10. walking into Trump Towers because we were freezing cold and there was a Star Bucks inside where we were hoping to get a hot chocolate.  Unfortunately it closed at 8pm.  :(


deranged snowman

Let me begin with saying that I am happy that my dear friend Becky has been blessed with a home!

I'm also happy that she is choosing to use her home as a means of blessing and serving others.

This past Sunday, my little Abbie was thrilled to go to her Aunt Becky's (along with a few of her little friends) to make Christmas cookies and a little craft.  Not only did Abs have a blast but I was able to share how Aunt Becky was a godly example of using her home to impart to a future generation that included her.  So far, this is just a perfect story isn't it?

Well.  Here's the kicker.  While I'm sure Becky had a different picture in her mind of how the snowman craft would turn out, this is what I saw this morning.  Sure, 2 days have passed and for the first night, Abbie slept with her snowman, but come on!  This is freakin' me out!


Monday, November 24, 2008

the little foxes....no, not becky fox!

Very practical for married and single folks!  Excellent stuff....

[vodpod id=ExternalVideo.751592&w=425&h=350&fv=]

Wednesday, November 19, 2008

another beautiful face that i love

Diamonte was napping during our last little photo shoot....so here's the biggest cheeseball of all.


Monday, November 17, 2008


Just a "box-creation" update.   Here's how it went down, in order:

1- Stephen pushed for his new walmart design.

2- Abbie spent most of the time climbing inside the box, which prevented any and all potential construction.

3- Matt threw the box away on Sunday night.

4- I was sad.

No walmart, no hotel for stuffed animals, just a big piece of trash.  :(

pat was wrong

Yep...although an odd occurrence, it does happen from time to time and when it does, I feel it is my personal job to make others aware.  Pat was wrong.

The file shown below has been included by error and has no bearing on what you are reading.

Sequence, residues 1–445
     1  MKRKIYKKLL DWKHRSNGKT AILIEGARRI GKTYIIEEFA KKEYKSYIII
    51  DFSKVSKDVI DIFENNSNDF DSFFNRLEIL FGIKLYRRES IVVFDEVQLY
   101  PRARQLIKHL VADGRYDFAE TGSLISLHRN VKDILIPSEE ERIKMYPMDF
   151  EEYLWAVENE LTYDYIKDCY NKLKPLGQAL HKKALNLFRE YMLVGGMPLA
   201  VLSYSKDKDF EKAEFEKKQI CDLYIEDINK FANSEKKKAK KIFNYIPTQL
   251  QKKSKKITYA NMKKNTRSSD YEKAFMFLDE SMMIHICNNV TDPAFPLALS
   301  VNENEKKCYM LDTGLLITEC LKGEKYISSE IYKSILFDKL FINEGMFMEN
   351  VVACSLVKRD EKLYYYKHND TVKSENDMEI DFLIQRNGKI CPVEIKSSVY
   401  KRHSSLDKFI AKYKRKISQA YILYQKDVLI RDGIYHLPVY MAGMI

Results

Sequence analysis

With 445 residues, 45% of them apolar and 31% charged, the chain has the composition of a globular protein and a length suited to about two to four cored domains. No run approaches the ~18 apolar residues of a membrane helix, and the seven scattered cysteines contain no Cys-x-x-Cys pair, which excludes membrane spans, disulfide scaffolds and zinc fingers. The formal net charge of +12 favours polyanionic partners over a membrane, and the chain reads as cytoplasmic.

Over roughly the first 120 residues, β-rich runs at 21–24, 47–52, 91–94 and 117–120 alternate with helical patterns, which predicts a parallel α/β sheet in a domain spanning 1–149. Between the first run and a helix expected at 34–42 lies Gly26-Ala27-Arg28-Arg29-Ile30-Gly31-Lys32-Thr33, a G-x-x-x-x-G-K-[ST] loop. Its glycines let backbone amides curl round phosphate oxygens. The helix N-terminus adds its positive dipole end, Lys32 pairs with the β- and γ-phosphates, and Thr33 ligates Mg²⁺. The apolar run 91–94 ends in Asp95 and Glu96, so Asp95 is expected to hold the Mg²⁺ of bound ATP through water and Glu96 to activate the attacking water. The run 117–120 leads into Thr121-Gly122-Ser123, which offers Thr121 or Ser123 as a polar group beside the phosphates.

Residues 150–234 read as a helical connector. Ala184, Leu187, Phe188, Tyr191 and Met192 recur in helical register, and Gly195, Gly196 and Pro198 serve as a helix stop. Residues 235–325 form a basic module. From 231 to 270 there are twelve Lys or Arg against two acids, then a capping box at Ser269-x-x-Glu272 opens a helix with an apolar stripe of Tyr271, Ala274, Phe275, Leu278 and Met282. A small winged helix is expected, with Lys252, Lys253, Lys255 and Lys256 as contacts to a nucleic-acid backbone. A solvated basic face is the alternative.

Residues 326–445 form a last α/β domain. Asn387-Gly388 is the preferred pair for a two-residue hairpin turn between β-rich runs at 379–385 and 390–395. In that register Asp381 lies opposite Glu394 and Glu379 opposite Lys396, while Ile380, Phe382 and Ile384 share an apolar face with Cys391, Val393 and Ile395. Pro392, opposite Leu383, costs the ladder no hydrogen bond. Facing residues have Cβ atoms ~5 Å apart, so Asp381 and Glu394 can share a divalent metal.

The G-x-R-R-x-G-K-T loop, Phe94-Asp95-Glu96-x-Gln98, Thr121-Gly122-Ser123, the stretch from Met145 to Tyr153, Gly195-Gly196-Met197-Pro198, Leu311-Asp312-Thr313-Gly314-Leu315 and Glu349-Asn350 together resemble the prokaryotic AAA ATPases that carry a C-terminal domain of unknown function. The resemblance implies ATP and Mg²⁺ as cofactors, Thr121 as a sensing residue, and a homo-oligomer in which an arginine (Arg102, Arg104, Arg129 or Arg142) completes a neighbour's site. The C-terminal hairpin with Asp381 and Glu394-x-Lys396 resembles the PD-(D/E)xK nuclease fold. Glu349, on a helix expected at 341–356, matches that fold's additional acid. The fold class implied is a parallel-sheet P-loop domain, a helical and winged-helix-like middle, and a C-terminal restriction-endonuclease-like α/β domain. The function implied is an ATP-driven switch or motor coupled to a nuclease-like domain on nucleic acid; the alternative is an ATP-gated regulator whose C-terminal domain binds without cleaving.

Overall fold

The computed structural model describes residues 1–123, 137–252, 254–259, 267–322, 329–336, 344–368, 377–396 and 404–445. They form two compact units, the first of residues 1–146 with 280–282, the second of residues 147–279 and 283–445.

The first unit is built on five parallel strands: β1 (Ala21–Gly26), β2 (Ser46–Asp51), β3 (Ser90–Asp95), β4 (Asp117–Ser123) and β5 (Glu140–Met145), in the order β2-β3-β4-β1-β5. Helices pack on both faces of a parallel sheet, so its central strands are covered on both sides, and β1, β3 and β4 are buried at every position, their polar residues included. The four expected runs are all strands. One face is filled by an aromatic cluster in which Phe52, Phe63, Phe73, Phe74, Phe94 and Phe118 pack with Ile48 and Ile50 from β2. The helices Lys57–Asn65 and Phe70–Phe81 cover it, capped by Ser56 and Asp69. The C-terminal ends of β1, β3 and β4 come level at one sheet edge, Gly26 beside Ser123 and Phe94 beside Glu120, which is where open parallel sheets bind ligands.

Facts:  The following was a statement made by Pat on October 21st in reference to my reorganization of the bathroom closet.

  1. I give it 2 weeks.

Granted, it's been a little bit longer than 2 weeks, but I feel that is to my disadvantage because it allowed for more time to mess things up.

Proof:  Here is a current picture of the state of my bathroom closet.  Still spotless Pster!  Zingerooni....


Wednesday, November 12, 2008

the box is always more fun than the product itself

At least according to kids.

img_3211-15The speedy growth of Azariyah required us to get a new carseat.  She's a whopping 21 lbs at almost 6 months of age, so goodbye free infant carseat, hello $99.00 Evenflo convertible carseat.

No one likes to cough up a hundred bucks b/c of something like weight gain, but I must say that I did enjoy picking out a sparkling new seat for the babe.

Before I even began taking the seat out of the box, the kids begged me for the box.  Stephen wants to create a Walmart and Abbie wants to make a hotel for her stuffed animals.  Matt wanted to throw it away.  I pushed for the kids and now they are downstairs creating!  I'll post what they come up with.

Tuesday, November 11, 2008

bumbo body


laundry mystery

img_3210-1I've been wondering how and why my laundry seems to be increasing each week, when the number of people in our family has remained the same.

Mystery solved.

Abbie loves the layered look. It's not because she's cold - she just likes it. So today for instance, she came down with jeans on and four shirts. Yep, four shirts, all different colors. Layer one - red, layer two - orange, layer three - blue, and the top layer, green. It looks cute but come on - you know what this means. At bedtime, four shirts will be tossed into the laundry basket!